Increasing the amount of HSA used to load the NPs from 50 (F3) to 100mg (F7), led to a significant 2-fold increase in EE% from 27.3±0.4 to 49.9±0.9%, respectively (Table 2). This was an expected result, as increasing the amount of the protein in the solution before NP solidification has been reported to increase the EE%40.
Increasing the amount of polymer from 100 (F3) to 200mg (F8) and to 400mg (F9) increased EE% significantly from 27.3±0.4 to 32.5±1.0 and to 35.8±0.9%, respectively (Table 2). This could be explained on the basis of formation of more PCL NPs to entrap more protein. Increasing polymer amount resulted also in a decrease in the time required for polymer precipitation. Similar results were obtained by Sharma et al.41, where increased EE% of paclitaxel occurred by increasing the amount of PLGA from 10 to 15 and 20%.
Results indicated also that increasing the polymer concentration led to a significant decrease in particle size of NPs from 520±4 (F3) to 208±12 (F8) and to 388±13nm (F9), respectively. PCL is a very hydrophobic polymer and by increasing its concentration, the viscosity of the organic phase increases, which accordingly decreases the diffusion of the oil droplets through the aqueous medium during the emulsification step. By keeping the homogenizer speed constant, the lower diffusion leads to smaller distance travelled by the oil through the aqueous medium and thus resulting in formation of NPs of smaller particle size (Table 2). There was a direct relationship between the charge on the NPs and the amount of polymer used. Increasing the amount of PCL forming the NPs resulted in an increase in the zeta potential of NPs from −14.8±0.4 (F3) to −16.6±0.4 (F8) and −22.6±0.1mV (F9), respectively. Only the increase of PCL from 100 to 400mg was significant. The negative charge of NPs was due to the ionized carboxyl groups of PCL36. Increasing the amount of PCL subsequently expanded the number of carboxyl groups leading to a higher zeta potential.
Figure 2(A–C) displays the scanning electron microscope (SEM) photomicrographs of NPs enclosing HSA (F3, F8 & F9, respectively) that exhibited discrete, spherical, smooth and non-porous surfaces. Moreover, the SEM photomicrographs confirmed the particle size determined by our dynamic light scattering measurements.
The in vitro release study (Fig. 3A) showed that HSA was released from NPs in a biphasic pattern. The first stage showed an initial burst release, whereas the second stage exhibited a slower release profile. The biphasic release pattern of HSA from PCL NPs could be explained as follows: the first stage of initial burst release occurred because of the immediate release of the small amount of HSA adsorbed on the surface of NPs. The second stage exhibited a slower release profile due to diffusion of HSA from PCL polymer matrix after erosion of NPs. Almost 10% of HSA was released from all NPs during the first 6h except F5 & F7 where nearly 35% of HSA was released after the same time interval. The afore mentioned formulations exhibited fast protein release compared to the other NPs as 91.2±2.5% (F5) and 75.6±2.1% (F7) of HSA was released after 3 days, respectively. The fast release of HSA from F5 was ascribed to the use of low MW and fully hydrolyzed grade of PVA as a surfactant in formulation. Being hydrophilic, water-soluble and of low viscosity, fully hydrolyzed grades of PVA adsorbed on NPs surface weakens the resistance of PCL NPs to dissolution medium due to the presence of numerous vinyl alcohol units which have a high capacity for hydrogen bonding42. The fast release of HSA from F7 could be ascribed to the increased drug: polymer ratio and high EE% compared to other NP formulations, where the polymer (which hindered the protein release) decreased resulting in overall increased protein release. By increasing the amount of PCL polymer forming the NPs from 100 (F3) to 200 (F8) and to 400mg (F9), the dissolution profile of HSA NPs subsequently decreased. This was because PCL had to degrade in the dissolution medium in order to release of HSA. With greater amounts of the polymer, the distance the protein had to travel before being released into the dissolution medium increased.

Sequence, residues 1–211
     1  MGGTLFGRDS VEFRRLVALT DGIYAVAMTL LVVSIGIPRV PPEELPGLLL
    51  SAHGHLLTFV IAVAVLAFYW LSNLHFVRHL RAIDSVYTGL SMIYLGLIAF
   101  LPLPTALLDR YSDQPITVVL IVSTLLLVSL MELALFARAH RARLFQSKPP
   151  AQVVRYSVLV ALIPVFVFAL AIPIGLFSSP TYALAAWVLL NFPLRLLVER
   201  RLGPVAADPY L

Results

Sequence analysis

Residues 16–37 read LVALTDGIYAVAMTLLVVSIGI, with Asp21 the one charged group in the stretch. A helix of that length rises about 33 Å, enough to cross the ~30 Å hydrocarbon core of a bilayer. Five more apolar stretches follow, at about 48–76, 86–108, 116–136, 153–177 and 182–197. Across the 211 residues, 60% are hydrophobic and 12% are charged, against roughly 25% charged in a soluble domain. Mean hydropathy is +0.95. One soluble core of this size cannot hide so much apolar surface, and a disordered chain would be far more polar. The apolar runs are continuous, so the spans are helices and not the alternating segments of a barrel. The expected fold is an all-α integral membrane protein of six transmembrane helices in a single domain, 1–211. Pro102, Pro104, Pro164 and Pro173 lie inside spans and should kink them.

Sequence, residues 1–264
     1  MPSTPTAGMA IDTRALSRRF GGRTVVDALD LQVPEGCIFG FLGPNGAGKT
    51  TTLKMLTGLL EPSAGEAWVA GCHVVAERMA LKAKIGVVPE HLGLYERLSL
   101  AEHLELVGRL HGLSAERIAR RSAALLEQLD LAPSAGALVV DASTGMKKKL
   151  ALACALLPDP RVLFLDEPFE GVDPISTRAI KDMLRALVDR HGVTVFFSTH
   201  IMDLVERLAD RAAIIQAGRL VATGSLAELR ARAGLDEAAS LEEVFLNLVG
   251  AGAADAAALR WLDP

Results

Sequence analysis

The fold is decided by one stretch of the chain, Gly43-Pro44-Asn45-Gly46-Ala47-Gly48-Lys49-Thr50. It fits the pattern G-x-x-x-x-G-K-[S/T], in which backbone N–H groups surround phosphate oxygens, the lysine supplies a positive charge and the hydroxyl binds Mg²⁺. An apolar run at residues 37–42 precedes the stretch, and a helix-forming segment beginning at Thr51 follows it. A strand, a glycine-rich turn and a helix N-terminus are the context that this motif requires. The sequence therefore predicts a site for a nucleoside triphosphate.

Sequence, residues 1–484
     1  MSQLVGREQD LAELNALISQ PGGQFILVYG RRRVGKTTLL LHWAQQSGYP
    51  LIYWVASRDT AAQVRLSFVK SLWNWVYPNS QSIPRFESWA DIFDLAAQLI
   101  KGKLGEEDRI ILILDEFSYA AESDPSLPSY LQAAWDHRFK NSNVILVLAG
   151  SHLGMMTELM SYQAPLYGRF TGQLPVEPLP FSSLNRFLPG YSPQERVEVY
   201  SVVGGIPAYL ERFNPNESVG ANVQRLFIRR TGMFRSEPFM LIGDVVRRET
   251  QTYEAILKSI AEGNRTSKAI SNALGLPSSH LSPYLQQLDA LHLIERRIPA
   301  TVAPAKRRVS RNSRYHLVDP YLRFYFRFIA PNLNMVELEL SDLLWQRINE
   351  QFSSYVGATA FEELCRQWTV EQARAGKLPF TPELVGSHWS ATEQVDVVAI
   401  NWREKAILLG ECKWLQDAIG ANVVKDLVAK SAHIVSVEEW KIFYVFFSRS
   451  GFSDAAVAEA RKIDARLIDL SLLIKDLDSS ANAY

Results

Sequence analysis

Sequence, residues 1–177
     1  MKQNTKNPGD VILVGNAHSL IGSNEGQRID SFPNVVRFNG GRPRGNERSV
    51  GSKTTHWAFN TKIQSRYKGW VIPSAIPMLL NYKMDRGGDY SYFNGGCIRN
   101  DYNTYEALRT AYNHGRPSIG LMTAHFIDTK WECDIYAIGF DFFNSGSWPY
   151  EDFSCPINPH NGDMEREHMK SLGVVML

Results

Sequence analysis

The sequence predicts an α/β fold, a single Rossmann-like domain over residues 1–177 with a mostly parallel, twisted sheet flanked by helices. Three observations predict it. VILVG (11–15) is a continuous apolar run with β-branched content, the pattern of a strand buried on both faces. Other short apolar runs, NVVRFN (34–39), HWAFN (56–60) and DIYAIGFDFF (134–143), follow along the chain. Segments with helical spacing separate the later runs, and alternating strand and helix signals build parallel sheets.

To understand the mechanism of drug release, we investigated the kinetics of release of HSA obtained from F8 and tried to fit them into zero order, first order and Higuchi diffusion models43. The release of drug from polymeric matrices might follow a combination of different mechanisms44, so Korsemeyer–Peppas model was also used to analyze the release kinetics. The release data were fitted to the equation45:
where Mt/M∞ represents the drug dissolved fraction at time t, K is a kinetic constant and n is the diffusional exponent. When n<0.45, this corresponds to a Fickian (case I) diffusion. When 0.45<n<0.89, this corresponds to an anomalous (non-Fickian) transport (where release is controlled by a combination of diffusion and polymer relaxation). If n=0.89, this corresponds to a zero order (case II) transport (where the drug release rate is independent of time and involves polymer relaxation), and n>0.89 to a super case II transport46. However, this equation is valid only for the early stages (≤60%) of drug release47.
Results showed that the release of HSA from F8 followed Higuchi diffusion model. Further analysis of release data of F8 by fitting it into Korsemeyer–Peppas model demonstrated that n-value was 0.762. Since n-value was in the range 0.45<n<0.89, thus the release of the HSA was anomalous. This meant that the release of HSA protein from PCL NPs was a combination of diffusion and polymer relaxation (swelling of the PCL polymer followed by erosion).